In 2019, British Nigerian actress, Beverly Naya wrote and produced a documentary called Skin. Directed by Daniel Effiong, the documentary Skin is a documentary about exploring through the meaning of beauty in all the different shades of black. On May 28th, 2020, the documentary came to Netflix Nigeria, and is already number 5 on Netflix Nigeria. We caught up on the documentary and below are our thoughts on it.
Black doesn’t always have to be strong.
Self-love is always easier said than done.
Everyone says “love yourself” but how do you do that if you’re constantly called ugly? Perhaps the answer will be explored in another documentary.
Skin color shouldn’t be tied to demand and supply.
The idea that you should love your skin because it might be in demand soon seems strange. If it never becomes “in demand,” what then?
Someone finally said it.
It’s easier to be black and confident when you have the money. Colorism is one thing, classism is another and the interviewer, Beverly Naya doesn’t seem to recognize this.
So much ambiguity here.
Did she bleach because she felt unattractive as Idris, hated her skin, wanted to escape poverty, or because she wanted to give people something to talk about? Which is it?
We don’t know what we’re supposed to feel for her.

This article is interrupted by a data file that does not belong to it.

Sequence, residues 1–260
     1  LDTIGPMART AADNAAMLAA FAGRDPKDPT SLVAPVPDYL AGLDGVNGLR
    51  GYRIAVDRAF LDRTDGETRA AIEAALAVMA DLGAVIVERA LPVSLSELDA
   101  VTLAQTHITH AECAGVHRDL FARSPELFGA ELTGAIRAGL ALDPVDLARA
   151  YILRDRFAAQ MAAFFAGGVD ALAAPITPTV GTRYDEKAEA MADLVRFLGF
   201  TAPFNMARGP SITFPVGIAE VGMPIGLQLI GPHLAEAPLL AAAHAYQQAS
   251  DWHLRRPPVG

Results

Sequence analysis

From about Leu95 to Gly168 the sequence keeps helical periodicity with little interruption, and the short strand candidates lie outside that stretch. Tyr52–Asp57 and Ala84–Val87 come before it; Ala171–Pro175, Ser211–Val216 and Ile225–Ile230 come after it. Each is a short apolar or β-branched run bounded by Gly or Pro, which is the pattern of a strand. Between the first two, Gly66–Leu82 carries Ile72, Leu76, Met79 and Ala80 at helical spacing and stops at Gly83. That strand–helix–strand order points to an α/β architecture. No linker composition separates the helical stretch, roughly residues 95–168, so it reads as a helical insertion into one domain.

She goes from being bubbly and proud of her bleaching to regretting it. Are you glad you did it or not? Which is it?
Here’s an angle that should be explored.
People bleach just to get a spouse and then go back to their original skin colors? We’re very interested in how exactly that plays out and how said partner reacts to it.
Is this the right question to ask?
Perhaps the question here shouldn’t be “what if you meet a man that wants you to stop bleaching” perhaps it should simply explore why your worth is tied to a man in the first place.
Different approaches for different folks.
The somewhat lower classed people are questioned with pity while others are approached with curiosity and not pity. We don’t even get their names. The interviewer is unknowingly showing classism, which is another factor of colorism.
Does bleaching only affect women?
We didn’t quite delve into how dark skin men see themselves and their experiences with colorism.
What do passports have to do with this?
If the dark-skinned actresses are talking about the setbacks they face because they aren’t “light enough” shouldn’t the light-skinned actresses be talking about the privileges they receive ( or do not receive) so we can get a full perspective of the industry?
Are there statistics to back this up?
Perhaps we should reach out to these producers who seem to prefer light-skinned people and find out why. If they’re claiming that dark-skinned people can’t “carry” a movie, are there box office statistics to back that up?
Again, we don’t know what to feel here.
Should we be empathizing with her for getting so many opportunities in and out of the country?
Did she just realize this?
So she was fine with other people being misled by her products but not her daughter?
What a plot twist.
We have no idea how we went from talking about bleaching to talking about pictures. A heartwarming capture of three generations of women but ultimately sticks out of the rest of the documentary like a sore thumb.
Beverly Naya’s Skin starts off really well but gets lost along the way with a lot of cohesiveness and irrelevant points while avoiding real depth. Nontheless, it is an interesting watch and kudos to Beverly and her team for shading some light on this topic.